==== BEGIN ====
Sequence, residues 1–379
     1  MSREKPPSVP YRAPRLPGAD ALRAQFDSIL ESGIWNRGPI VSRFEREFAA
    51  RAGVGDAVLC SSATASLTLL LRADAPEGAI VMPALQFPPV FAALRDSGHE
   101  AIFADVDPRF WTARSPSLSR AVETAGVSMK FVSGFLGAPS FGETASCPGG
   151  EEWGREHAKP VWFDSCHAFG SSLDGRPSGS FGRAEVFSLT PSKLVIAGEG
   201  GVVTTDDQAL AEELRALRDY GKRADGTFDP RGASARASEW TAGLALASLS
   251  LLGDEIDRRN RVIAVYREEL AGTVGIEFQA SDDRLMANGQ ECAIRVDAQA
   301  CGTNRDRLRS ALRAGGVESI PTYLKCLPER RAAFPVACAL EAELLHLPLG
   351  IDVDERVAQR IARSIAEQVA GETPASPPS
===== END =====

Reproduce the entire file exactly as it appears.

Sequence, residues 1–379
     1  MSREKPPSVP YRAPRLPGAD ALRAQFDSIL ESGIWNRGPI VSRFEREFAA
    51  RAGVGDAVLC SSATASLTLL LRADAPEGAI VMPALQFPPV FAALRDSGHE
   101  AIFADVDPRF WTARSPSLSR AVETAGVSMK FVSGFLGAPS FGETASCPGG
   151  EEWGREHAKP VWFDSCHAFG SSLDGRPSGS FGRAEVFSLT PSKLVIAGEG
   201  GVVTTDDQAL AEELRALRDY GKRADGTFDP RGASARASEW TAGLALASLS
   251  LLGDEIDRRN RVIAVYREEL AGTVGIEFQA SDDRLMANGQ ECAIRVDAQA
   301  CGTNRDRLRS ALRAGGVESI PTYLKCLPER RAAFPVACAL EAELLHLPLG
   351  IDVDERVAQR IARSIAEQVA GETPASPPS